Cheltenham Festival 2021 sees the first running of the new Mares’ Chase and brings with it an added dynamic to this year’s event.

The new race, named the Grade 2 Mrs Paddy Power Mares’ Steeple Chase, replaces the Listed Novices’ Handicap Chase and will be held on Gold Cup day.

It now joins the popular Mares’ Hurdle and Mares’ Novice Hurdle races already at the Festival, as well as boosting the mares’ race programme and giving added depth to jump racing’s blue riband showpiece.

This year’s Festival will see a host of mares lining up across all three races as they look to follow in the hoof prints of Quevega, Annie Power and Apples Jade.

Those mares, like Dawn Run before them, captured the imagination of racegoers. Having a 2m 4f chase option should bring even more interest moving forwards.

While Nicky Henderson’s fine mare Epitante will look to defend her Champions Hurdle crown in 2021, it is the mares only races that are worth closer inspection.

Cheltenham Racecourse

When you think of recent brilliant mares, Willie Mullins isn’t far behind.

After saddling Quevega to sixth successive Mares’ Hurdles between 2009-2014, the Irish master trainer could well be a fitting winner of the first mares’ chase if exciting grey Elimay has her say.

The JP McManus-owned seven-year-old is the current market leader with the best betting sites in the UK, including a price of 4/1 with bet365.

She looks the best bet for this following her fine run behind stablemate Allaho at Thurles last month. That race is over the same distance as the Cheltenham contest and the front two pulled well clear of the chasing pack.

Her chances to land the Mares’ Chase will be significantly improved if second-favourite Colreevy bypasses the Festival.

Colreevy continued to impress over the bigger obstacles when extending her unbeaten chase record to three on the same Thurles card as Elimay.

However, her participation at Prestbury Park is far from certain, with connections seeming keen on an alternative date in Limerick come the spring.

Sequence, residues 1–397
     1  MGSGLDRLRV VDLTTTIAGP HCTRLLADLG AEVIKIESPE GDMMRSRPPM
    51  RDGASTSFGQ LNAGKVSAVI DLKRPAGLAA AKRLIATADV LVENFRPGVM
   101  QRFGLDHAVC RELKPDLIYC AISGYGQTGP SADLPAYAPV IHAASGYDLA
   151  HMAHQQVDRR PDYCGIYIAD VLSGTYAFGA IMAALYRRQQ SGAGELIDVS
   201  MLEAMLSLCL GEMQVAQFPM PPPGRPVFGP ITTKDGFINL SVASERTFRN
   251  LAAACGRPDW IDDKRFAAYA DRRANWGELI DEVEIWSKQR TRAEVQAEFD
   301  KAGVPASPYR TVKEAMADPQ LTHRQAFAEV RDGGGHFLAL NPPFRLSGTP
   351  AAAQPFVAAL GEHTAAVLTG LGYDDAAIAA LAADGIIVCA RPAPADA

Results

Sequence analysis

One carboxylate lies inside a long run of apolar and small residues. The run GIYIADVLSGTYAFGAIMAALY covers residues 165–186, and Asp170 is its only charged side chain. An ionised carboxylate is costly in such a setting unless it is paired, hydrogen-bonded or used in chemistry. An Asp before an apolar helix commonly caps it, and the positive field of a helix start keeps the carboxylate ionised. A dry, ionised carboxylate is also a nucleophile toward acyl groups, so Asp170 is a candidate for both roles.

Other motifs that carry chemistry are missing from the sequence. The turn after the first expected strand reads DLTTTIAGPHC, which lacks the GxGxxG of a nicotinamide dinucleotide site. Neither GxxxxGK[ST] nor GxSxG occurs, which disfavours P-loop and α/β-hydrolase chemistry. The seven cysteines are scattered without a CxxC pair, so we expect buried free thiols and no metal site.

Even if Colreevy doesn’t run, Elimay could have competition from last year’s Arkle winner Put The Kettle On should Henry De Bromhead’s horse take on her own sex once again.

Grand National runner-up Magic of Light, Jonjo O’Neil’s Annie Mc, and 2018 Mares’ Hurdle Winner Benie Des Dieux, also for Willie Mullins, make up an intriguing list of opponents.

Meanwhile, the Mares’ Hurdle looks to be heading towards an enthralling battle between defending champion Honeysuckle and last year’s Mare’s Novice Hurdle victor Concertista.

Both also hold entries in the Champion Hurdle but are more likely to line up here at present. They are both priced around 11/4 to come out on top.

It would certainly be an interesting match-up, especially as both horses have Festival success already on their CVs.

That said, there was a lot to like about the visually impressive win of Concertista at Leopardstown last time out, not to mention that effortless victory at Cheltenham just under a year ago when she put the race to bed some way out.

Others that could also line up include Dan Skelton’s Roksana – should they skip another tilt at the Stayers’ Hurdle – and Nicky Henderson’s Verdana Blue.

When it comes to the Mares’ Novice Hurdle, it is all about if anyone can finally end the Mullins dominance.

The Closutton star trainer has won every running of the Dawn Run Mares’ Novice Hurdle since its introduction back in 2016.

It is no surprise to see he is the trainer of current 5/1 favourite Gauloise. The five-year-old chestnut extended her unbeaten run to three with a comfortable win over Mighty Blue at Thurles in December.

However, if the Mullins grip on this race is to be ended, it looks like Peter Fahey might be the man to do it in 2021. He trains joint-second favourites Gypsy Island and Royal Kahala.

Gypsy Island looked like a potential superstar before injury curtailed her previous campaign. The JP McManus-owned mare hasn’t seen a racecourse since May 2019 and is again facing a race against time for this year’s contest.

Despite that disappointment, Fahey looks to have found another high-class mare in the form of Royal Kahala, who could be worth siding with at her current price of 9/1.

She also extended her unbeaten run to three with success at Fairyhouse at the start of the year.

The fact Royal Kahala stays well and will be suited by a fast-run race means Cheltenham should play to her strengths.

Whichever way the mares’ races play out, having all three on the Festival programme certainly brings an added interest for racing fans this year.

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